Thursday, October 27, 2011

Planning An Event On A Budget

Guest Post by Kara Sarvey

Planning an extravagant event on an unlimited budget is both a fun and simple task, however, planning a business-related event on a strict budget may present more challenges. Business events are intended to allow employees to socialize, reinforce existing relationships between the business and clients, and foster new relationships for future business. The following tips can be utilized by a company or a person organizing an event on a limited budget.



  • Plan ahead. Plan the event six months ahead in order to lock in prices and find deals in advance. Waiting until the last minute does not leave any time for negotiation.

  • Decide on the budget, and stick to it. This is very important if this is a business event and not your money to spend freely. Make sure to consider all the various expenditures, projected expenses and miscellaneous items such as tips and taxes.

  • Find a partner. If you are hosting something such as a client appreciation event, think of a few local businesses that could use the exposure and work together. Find coffee shops, salons, and restaurants willing to donate gift certificates for their place of business to use as gifts or door prizes at the event.

  • Get ready to bargain! Work on your negotiating skills because as long as you’re willing to ask, you can get discounts and deals on many aspects of a big event. Will the caterer lower their price if you use paper goods instead of renting their china? Can you supply the alcohol for the bar? It can’t hurt to ask any of those questions or ask for a better rate.

  • Become friendly with a local caterer. If you would like food at your event, and events in the future, set up meetings with a few caterers. Catering companies are likely to give discounts to companies that hold a lot of events and will need their services in the future. Create a relationship with the catering companies and use one or two exclusively.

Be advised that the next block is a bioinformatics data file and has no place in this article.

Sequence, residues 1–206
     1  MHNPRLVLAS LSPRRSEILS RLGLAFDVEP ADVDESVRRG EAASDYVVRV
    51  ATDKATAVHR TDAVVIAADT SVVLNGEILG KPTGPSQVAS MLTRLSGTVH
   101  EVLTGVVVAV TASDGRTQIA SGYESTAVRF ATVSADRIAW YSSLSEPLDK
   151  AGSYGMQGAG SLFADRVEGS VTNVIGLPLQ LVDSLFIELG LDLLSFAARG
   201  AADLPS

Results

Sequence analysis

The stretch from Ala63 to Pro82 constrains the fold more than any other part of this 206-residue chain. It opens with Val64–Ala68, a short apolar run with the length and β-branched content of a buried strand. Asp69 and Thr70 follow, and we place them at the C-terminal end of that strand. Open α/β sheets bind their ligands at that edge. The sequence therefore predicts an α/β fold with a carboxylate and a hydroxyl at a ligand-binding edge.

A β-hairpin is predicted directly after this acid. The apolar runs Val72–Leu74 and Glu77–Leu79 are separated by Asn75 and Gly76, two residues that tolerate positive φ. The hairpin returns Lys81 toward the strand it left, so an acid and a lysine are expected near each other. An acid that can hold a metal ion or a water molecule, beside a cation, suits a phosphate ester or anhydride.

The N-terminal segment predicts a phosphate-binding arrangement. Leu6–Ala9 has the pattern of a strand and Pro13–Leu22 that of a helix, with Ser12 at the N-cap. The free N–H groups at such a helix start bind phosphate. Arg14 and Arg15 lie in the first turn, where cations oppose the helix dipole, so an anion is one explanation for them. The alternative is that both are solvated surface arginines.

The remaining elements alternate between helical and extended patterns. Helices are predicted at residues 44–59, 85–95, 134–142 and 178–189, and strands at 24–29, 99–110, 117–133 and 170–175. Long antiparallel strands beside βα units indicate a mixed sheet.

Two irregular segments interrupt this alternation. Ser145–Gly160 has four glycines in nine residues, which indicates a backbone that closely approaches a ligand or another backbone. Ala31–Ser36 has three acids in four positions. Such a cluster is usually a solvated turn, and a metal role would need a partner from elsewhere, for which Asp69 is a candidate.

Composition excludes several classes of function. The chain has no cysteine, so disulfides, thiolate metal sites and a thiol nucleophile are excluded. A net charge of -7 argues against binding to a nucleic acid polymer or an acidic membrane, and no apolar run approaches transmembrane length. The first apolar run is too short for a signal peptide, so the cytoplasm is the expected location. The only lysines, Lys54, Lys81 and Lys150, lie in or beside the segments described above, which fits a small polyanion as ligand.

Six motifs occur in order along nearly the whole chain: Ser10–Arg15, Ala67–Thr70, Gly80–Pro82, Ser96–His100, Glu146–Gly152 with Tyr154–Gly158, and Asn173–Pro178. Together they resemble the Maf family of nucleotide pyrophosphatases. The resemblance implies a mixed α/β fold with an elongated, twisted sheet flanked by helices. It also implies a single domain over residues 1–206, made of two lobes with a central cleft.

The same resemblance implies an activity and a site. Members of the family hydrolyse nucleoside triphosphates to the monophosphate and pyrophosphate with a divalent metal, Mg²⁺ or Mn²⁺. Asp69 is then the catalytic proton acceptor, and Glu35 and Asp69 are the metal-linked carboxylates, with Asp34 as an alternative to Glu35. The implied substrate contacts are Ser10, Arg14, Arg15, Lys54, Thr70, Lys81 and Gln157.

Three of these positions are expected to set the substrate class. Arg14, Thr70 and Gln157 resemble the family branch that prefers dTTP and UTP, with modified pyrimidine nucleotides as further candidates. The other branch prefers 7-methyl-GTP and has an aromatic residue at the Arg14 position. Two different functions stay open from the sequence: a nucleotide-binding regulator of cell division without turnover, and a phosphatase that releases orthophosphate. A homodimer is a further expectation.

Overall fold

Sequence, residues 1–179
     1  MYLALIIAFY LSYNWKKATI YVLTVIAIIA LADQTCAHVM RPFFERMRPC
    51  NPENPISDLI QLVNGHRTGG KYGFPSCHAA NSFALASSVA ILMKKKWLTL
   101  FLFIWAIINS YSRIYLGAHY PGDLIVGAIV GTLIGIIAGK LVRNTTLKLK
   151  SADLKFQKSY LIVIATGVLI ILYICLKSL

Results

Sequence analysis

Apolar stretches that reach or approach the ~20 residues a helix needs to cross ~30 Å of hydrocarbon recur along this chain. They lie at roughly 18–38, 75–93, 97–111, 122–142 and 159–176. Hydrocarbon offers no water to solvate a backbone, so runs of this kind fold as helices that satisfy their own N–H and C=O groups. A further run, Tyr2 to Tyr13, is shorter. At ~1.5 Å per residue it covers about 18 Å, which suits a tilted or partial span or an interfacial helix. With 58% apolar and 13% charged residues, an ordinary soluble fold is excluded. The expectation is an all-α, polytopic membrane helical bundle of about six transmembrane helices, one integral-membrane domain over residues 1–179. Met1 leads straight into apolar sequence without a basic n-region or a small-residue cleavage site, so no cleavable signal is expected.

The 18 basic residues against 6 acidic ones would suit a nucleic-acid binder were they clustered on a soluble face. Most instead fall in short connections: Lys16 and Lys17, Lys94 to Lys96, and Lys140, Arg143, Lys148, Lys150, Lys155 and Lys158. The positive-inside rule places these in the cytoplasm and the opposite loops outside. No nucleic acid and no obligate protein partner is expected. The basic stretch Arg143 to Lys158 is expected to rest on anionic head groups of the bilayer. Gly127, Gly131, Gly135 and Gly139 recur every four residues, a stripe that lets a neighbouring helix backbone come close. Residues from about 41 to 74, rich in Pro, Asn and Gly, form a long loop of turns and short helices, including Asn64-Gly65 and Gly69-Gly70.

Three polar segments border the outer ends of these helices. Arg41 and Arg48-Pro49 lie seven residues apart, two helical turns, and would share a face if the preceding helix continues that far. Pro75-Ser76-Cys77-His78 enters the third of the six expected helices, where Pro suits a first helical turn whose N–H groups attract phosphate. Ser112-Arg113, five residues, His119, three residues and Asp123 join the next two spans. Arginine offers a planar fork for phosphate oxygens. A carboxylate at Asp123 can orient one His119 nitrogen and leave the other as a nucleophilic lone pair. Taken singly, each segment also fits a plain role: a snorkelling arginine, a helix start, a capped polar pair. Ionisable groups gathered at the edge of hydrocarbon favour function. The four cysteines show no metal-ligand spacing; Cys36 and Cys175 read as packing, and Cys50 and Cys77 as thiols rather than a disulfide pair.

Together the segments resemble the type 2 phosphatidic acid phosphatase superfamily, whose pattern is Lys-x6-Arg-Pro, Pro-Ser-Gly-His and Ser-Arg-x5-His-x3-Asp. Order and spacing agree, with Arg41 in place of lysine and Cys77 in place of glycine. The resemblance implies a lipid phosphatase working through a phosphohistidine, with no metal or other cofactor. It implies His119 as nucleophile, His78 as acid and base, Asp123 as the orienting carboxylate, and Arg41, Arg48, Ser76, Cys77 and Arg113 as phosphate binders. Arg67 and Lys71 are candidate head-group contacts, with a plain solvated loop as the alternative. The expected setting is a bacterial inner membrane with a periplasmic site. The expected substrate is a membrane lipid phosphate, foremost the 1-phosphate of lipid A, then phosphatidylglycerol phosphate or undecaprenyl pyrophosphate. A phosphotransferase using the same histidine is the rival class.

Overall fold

• Save a tree, time and money with paperless invitations. Today, everyone has an e-mail address so there’s no need to waste the paper or money on sending out invitations for informal events. E-vite has free e-card invitations for everything from birthdays to fundraisers and professional events. E-vite will even remind invitees of the event the day before.

  • Save money on food and drinks. Instead of a full sit-down dinner, perhaps have a cocktail party with appetizers and light desserts. At the bar, the event coordinators can save money by limiting the drink options to beer, wine and a signature cocktail.

  • Utilize the wonders of (free!) social networking. If the event is open to the public, tweet the details to your followers, and send out reminders the day before and the day of the event. Update your status on profiles such as LinkedIn, Facebook and Google+. Create an event page on Facebook and cross-post it on the company’s Facebook page. The event organizer can also encourage others to update their own Facebook pages with information about the event. Before beginning any social media outreach, be sure to check your company’s social media policy for appropriate guidelines.

Businesses that frequently host events can easily combine the promotion of their events with their marketing and public relations tactics. Social media simplifies that process because while promoting the company on a platform, it can also be a forum to post events the company is hosting. By employing these simple tips, a seminar, client appreciation event or business luncheon can be an affordable and stress-free event that will benefit your company.

This post was written by Kara Sarvey, a graduate from West Chester University with a B.A. in Communications Studies. Sarvey is currently interning with the Central Bucks Chamber of Commerce events department while searching for her next full-time opportunity. Kara can be reached at KaraSarvey@Comcast.net or via her LinkedIn profile here.

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